2. Britney + Dangermouse = ???

Next up on my shuffle was "Gimme More", Britney Spears' desperate 2007 comeback hit. While I think the song is absolutely inane, I must it has a recockulously catchy beat. I have never purchased any of her albums, but I feel like have due to constant radioplay over the year. In hearing her music I have noticed that production on her last two albums, Blackout and Circus, have been impressive. ...Well, "impressive" in the sense that it's not really about the music itself: the lyrics are meaningless, it's not even Britney's real voice, and it is solely designed for people to get their freak on. In essence, it gets people dancing and it sells. And when I think of her most danceable songs, it's usually a result of a collaboration with producers who work in hip-hop. For example, "I'm a Slave 4 u" and "Boys" (both with Pharrell of N.E.R.D). I figured if Dangermouse flawlessly seam the Fab Four's White Album with Jay-Z in six weeks, I can only imagine what he could he do working with Britney. Until then, I can only ponder...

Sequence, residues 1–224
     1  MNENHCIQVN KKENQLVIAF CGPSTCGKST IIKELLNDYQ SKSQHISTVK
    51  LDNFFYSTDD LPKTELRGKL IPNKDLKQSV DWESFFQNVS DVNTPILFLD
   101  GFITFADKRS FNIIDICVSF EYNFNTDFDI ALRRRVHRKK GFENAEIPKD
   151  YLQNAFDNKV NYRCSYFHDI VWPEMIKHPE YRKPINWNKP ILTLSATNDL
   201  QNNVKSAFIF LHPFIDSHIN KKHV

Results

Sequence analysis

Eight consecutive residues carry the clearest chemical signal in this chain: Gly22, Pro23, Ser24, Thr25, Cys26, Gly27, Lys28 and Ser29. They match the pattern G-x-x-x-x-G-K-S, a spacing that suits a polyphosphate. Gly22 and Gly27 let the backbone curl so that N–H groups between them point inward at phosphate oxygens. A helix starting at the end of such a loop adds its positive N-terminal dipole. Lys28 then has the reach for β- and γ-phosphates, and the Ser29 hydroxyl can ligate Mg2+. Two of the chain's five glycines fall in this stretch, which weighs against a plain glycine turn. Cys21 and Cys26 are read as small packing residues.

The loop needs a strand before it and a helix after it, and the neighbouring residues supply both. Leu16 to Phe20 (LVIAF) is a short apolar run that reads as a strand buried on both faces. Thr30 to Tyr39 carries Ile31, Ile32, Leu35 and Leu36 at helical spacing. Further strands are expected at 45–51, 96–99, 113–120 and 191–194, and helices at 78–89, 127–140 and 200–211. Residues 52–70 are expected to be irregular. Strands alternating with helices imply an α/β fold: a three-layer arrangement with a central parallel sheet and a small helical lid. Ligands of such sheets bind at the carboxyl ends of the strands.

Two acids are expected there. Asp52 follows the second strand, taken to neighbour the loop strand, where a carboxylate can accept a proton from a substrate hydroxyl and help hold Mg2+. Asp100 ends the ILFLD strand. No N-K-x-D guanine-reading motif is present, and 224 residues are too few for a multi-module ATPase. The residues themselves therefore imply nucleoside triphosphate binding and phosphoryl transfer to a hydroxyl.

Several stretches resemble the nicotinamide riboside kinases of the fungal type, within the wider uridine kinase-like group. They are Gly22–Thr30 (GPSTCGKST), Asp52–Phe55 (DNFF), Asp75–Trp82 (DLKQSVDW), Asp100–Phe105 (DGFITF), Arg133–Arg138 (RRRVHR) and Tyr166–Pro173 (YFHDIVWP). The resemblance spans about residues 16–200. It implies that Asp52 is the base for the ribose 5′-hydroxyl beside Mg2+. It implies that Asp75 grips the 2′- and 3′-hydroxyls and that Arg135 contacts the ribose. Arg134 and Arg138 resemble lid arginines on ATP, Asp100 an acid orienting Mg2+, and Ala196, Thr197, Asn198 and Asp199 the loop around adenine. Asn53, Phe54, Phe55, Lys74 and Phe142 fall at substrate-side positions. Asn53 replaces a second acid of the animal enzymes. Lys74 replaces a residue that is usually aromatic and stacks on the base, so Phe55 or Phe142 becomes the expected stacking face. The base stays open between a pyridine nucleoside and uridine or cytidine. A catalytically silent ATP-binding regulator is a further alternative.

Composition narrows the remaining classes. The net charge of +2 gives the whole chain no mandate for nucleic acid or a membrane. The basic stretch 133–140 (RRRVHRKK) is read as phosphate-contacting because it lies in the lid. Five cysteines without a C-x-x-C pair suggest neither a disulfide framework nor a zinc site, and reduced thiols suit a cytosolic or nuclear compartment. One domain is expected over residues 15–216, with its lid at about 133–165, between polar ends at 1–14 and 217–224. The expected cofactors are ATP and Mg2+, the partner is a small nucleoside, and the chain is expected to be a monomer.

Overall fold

January 25, 2009

The White Bitch Cometh

The White Bitch
The White Bitch’s Prey Drive

Like most of those who are familiar with The White Bitch’s tunes, I immediately picked up on its early-Prince era influence. However, upon meeting Michael Patrick Welch, the man behind the Bitch, I learned that it was not only the Great Purple One that inspired his falsetto-heavy funk-rock, but also 90s alt-rockers, Shudder To Think. When considering the band’s propensity toward skewed and broken pop melodies, it became clear how it fits within the context of The White Bitch.